MineralArtsMineralArts.com has some beautiful images of southern Arizona fluorescent minerals.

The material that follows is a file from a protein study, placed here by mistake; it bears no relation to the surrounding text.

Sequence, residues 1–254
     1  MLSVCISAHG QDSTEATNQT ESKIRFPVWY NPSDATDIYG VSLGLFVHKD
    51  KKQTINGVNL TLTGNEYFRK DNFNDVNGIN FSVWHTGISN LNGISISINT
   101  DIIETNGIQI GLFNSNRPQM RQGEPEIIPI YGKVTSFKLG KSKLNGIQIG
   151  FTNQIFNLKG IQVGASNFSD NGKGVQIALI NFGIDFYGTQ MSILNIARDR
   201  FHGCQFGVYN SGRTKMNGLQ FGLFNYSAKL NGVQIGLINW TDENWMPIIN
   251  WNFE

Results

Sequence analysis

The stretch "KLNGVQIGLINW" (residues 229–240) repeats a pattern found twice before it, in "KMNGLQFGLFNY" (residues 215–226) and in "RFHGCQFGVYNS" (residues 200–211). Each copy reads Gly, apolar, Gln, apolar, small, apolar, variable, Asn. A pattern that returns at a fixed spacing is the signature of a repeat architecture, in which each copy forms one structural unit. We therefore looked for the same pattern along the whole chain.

The fluorescent rocks displayed were collected in the mountains of southern Arizona. The rocks consist of calcite and aragonite with minor amounts of opal, sphalerite, and amphiboles. The fluorescence is the result of minor impurities in the minerals slightly altering chemical bonds in the crystal structures of the minerals. The limestone host rock was subjected to hydrothermal alteration as a result of the nearby intrusion of magma. At least two episodes or pulses of hydrothermal fluids passed through the limestone, one of which carried the trace element(s) responsible for the fluorescence. The hydrothermal alteration of the limestone resulted in the dissolution of portions of the limestone and deposition of calcite veins, overgrowths, and cavity fillings in the rock. The limestone was later chemically weathered, again leading to dissolution of the rock and the deposition of aragonite (travertine) in dissolution cavities.

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